A farmer named Stuart MacIntosh is The Summer of Rave 1989’s true hero. A brief scene in the 2006 film has him looking back on a massive outdoor event that found 20,000 ravers congregating on his fields in Buckhamingshire. In the aftermath, “if I ever went into the Red Lion, which is a very nice pub, they would all move to the other end,” he says, referring to his neighbours. “But looking back on it, I’m quite proud of what we did. It made a lot of people have a lovely weekend. And I bet a lot of them still remember it, to this day.”
The rave that MacIntosh helped facilitate was the climax of the summer spent at 120 BPM and the squelching sounds of acid house. A disaffected generation in the UK—sick of a decade of rule by Margaret Thatcher, inspired by the Tiananmen Square protests in China—surrendered themselves to the power of rave. Ecstasy had become widely available, but as music journalist Sheryl Garatt notes, it was rarely combined with alcohol, leading to euphoria instead of aggression. Madchester mutated into its own version of the party with bucket hats bobbing to the Happy Mondays at the famed Haçienda Club. Even football hooligans from opposing teams put their rivalries on pause to join each other in a blissful escape.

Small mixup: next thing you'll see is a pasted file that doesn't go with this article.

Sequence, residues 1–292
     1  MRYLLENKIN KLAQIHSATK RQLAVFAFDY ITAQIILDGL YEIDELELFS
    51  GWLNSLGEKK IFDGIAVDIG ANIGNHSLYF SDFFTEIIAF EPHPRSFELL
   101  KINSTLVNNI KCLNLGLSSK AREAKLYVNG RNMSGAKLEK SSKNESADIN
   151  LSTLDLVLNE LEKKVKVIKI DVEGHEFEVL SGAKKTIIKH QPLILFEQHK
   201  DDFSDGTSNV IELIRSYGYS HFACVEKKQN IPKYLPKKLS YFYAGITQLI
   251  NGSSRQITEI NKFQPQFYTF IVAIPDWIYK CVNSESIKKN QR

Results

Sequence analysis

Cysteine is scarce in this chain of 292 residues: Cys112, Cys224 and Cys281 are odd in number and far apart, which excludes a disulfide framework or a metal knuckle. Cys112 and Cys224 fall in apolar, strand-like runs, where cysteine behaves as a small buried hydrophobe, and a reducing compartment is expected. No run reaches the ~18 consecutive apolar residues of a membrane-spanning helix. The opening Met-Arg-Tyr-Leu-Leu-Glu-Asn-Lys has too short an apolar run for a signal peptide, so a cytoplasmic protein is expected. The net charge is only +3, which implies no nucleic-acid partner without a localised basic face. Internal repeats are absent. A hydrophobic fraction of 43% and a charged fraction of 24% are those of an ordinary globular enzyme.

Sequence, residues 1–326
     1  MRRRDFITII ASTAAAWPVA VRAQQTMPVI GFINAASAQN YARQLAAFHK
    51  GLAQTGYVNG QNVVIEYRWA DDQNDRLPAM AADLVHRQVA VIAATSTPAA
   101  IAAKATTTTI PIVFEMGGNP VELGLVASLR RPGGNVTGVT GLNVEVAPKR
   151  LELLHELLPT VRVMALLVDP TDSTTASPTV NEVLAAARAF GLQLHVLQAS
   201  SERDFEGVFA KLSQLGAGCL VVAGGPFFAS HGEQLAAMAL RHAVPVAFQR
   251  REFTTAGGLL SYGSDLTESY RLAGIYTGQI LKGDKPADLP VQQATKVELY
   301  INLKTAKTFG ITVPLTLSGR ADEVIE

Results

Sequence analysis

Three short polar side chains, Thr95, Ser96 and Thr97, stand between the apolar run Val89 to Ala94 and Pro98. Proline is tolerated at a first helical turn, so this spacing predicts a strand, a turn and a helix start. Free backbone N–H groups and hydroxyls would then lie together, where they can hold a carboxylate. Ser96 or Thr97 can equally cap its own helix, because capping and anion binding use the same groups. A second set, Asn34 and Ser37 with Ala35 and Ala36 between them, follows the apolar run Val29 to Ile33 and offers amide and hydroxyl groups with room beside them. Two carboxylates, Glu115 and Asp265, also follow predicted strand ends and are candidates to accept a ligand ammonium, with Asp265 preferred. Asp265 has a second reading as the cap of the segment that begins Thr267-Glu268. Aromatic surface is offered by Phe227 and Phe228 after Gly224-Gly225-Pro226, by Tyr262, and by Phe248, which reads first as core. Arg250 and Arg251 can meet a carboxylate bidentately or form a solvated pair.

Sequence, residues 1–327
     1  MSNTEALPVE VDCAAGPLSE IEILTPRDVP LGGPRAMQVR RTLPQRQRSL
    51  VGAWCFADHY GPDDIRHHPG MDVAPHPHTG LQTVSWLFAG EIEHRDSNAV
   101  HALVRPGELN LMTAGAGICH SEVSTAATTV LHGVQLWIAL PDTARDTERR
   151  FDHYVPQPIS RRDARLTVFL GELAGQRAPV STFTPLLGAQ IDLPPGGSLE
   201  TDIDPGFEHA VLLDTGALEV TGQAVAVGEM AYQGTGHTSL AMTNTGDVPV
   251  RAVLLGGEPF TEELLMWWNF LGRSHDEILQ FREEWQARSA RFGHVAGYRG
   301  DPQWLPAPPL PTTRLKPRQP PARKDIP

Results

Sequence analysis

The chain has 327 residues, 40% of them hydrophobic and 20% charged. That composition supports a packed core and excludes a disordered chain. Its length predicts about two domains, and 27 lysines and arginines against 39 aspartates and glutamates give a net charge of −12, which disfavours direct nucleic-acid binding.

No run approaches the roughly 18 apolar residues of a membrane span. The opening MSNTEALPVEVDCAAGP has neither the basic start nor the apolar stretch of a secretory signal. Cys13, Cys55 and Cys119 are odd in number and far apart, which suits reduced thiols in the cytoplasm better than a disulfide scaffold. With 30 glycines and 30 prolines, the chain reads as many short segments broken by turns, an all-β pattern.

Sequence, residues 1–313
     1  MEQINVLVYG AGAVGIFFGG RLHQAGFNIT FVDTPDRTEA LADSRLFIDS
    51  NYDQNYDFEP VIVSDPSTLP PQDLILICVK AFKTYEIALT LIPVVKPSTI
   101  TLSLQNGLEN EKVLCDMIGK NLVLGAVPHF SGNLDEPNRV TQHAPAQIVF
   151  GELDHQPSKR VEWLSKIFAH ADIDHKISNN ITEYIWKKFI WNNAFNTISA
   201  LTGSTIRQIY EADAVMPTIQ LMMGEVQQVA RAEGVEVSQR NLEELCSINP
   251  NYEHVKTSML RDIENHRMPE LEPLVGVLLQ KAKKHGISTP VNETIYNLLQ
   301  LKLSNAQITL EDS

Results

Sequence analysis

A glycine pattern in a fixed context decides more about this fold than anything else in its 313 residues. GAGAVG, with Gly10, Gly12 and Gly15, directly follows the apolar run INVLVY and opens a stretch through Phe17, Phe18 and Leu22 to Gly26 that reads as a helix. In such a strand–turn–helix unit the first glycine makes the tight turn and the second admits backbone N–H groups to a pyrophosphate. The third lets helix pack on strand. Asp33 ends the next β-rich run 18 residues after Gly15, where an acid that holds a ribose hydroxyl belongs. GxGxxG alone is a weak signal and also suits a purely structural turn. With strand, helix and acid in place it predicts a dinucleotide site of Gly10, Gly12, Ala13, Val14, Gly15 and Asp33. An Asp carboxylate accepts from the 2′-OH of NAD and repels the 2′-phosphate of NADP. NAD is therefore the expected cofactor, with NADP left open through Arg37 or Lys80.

Yet as 1989’s raves became big business, unwelcome visits from drug cartels and police crackdowns led to the party finally crashing. All good things must come to an end, but the spirit of ‘89 lives on forever in clips of Bez shaking his maracas on Top of the Pops.